We returned to the hotel and met with the Guyanese affiliates to hear about the task ahead. I wish I could report on what was said, but I could only hear perhaps 2% of the conversation since the fan was loud and the woman soft spoken. We wrapped up our day by walking along the sea-wall -- the "cruise" for the Georgetownians. Men, women and children alike all came out to sit on the wall, chat with friends, buy beer from vendors, and hit on each other. I stuck close to my team, as I was pretty sure no one would mistake me for a native, and, with so much beer flowing, I feared an incident that never materialized.
The following morning, our final team member, Chris (a Californian who does visual effects for movies) arrived. Before boarding the bus, Lacy read us a list of a few reasons each of us said motivated us to come on this trip- a reminder that we were helping out those in need and bonding with like-minded people from all over North America in the process. We then headed for the job site, over an hour away. We passed hundreds of houses that to our privileged eyes seemed to be sub-standard. Stray dogs roamed the streets, as did emaciated cows and street gangs of goats. Most houses sat on stilts, though the shanties sat directly on the ground, dangerously close to the open canals. Even the churches were on stilts and the graves in their yards were conspicuously above-ground. Naked children played in the canals and parents sat on their front porches, lethargic due to the onslaught of the heat which would only get worse.
We crossed a huge floating bridge (the 3rd largest in the world, I believe) and finally arrived at the building site. All 13 of us piled out of the van where the CMU foundations of four buildings were erected. As we were by no means skilled, but completely willing, our task would be to fill those four foundations with sand which was deposited at the street. The sand would need to be shoveled into wheelbarrows, wheeled across the ditch on a 10" wide board, ramped up over the block foundation walls and dumped in. After coating ourselves in 45 sun block, we took to the task like cats to water. The immense heat was stifling enough that we all sweated out the gallons of water we were drinking. Despite being advised to wear long pants on the construction site, I quickly discovered that shorts were the way to go, as was space-age sweat-wicking material. We shared lunch with Shaniqua, the dog that soon became the mascot. Games were made to pass the time working. Before Cindy and I would shovel sand into a wheelbarrow, its operator had to name an adjective that described the bridge they had to cross. The first few adjectives were words like "treacherous" and "wonky" but eventually we hit adjectives like "moist". When we tired of that game, we played a bit of "would you rather" before tiring of expending extra energy to make the task fun. We wrapped up the day at around four and headed backs to the hotel, uncomfortable in our own stinky bodies, but determined to return earlier from then on to avoid the heat of the day.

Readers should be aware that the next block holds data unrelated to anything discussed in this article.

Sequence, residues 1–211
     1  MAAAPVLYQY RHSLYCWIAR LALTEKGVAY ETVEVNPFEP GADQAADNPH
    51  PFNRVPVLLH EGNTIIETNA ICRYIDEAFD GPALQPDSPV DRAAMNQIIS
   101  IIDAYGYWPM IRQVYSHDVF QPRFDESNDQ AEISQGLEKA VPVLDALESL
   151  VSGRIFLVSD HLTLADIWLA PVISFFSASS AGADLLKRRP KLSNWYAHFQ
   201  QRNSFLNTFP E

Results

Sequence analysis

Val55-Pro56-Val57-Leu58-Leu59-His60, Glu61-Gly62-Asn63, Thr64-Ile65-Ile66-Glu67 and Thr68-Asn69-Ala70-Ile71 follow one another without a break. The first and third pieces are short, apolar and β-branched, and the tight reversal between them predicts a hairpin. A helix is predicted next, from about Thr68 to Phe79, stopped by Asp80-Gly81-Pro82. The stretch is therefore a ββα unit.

The days that followed were much the same. On most days, work would have to continue in sudden refreshing downpours, but even then, the heat never subsided. Some of the team was disappointed that we didn't get to do tasks other than shoveling; while other teammates felt that we should be satisfied doing whatever was most needed. When we went to the local affiliates, they were unable to provide us with other tasks, but they did hire extra workers to help us finish the sand shoveling a little earlier so we could pour concrete on the last day. It seemed sad to me that had I just donated the money it was taking me to make the trip, I could have paid one worker for 6 months of labor. Had we been able to rent a front loader for part of the cost of 13 people's trip fees, would the local affiliate have been able to come up with other tasks for us? I don't know.
In the evenings, Lacy and Jad scheduled activities like a trip around town and to the market, a tour of the brewery, and card games with push-ups doled out by the winner to the losers.